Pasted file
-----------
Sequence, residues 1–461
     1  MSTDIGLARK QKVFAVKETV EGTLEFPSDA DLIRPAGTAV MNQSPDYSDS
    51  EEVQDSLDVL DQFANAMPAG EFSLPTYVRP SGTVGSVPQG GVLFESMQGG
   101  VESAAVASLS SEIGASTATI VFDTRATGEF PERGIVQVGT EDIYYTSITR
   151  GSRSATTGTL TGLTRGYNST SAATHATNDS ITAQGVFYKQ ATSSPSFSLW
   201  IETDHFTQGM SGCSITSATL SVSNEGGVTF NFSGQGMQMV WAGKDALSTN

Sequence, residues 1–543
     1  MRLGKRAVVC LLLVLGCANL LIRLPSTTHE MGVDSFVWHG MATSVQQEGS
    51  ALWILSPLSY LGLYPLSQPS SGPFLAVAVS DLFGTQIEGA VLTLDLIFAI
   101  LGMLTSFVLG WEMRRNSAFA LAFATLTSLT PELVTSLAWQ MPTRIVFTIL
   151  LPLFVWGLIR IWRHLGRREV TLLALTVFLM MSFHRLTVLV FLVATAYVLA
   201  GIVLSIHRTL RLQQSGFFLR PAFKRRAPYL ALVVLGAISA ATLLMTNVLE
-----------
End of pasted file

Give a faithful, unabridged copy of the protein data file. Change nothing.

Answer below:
Sequence, residues 1–461
     1  MSTDIGLARK QKVFAVKETV EGTLEFPSDA DLIRPAGTAV MNQSPDYSDS
    51  EEVQDSLDVL DQFANAMPAG EFSLPTYVRP SGTVGSVPQG GVLFESMQGG
   101  VESAAVASLS SEIGASTATI VFDTRATGEF PERGIVQVGT EDIYYTSITR
   151  GSRSATTGTL TGLTRGYNST SAATHATNDS ITAQGVFYKQ ATSSPSFSLW
   201  IETDHFTQGM SGCSITSATL SVSNEGGVTF NFSGQGMQMV WAGKDALSTN

Sequence, residues 1–543
     1  MRLGKRAVVC LLLVLGCANL LIRLPSTTHE MGVDSFVWHG MATSVQQEGS
    51  ALWILSPLSY LGLYPLSQPS SGPFLAVAVS DLFGTQIEGA VLTLDLIFAI
   101  LGMLTSFVLG WEMRRNSAFA LAFATLTSLT PELVTSLAWQ MPTRIVFTIL
   151  LPLFVWGLIR IWRHLGRREV TLLALTVFLM MSFHRLTVLV FLVATAYVLA
   201  GIVLSIHRTL RLQQSGFFLR PAFKRRAPYL ALVVLGAISA ATLLMTNVLE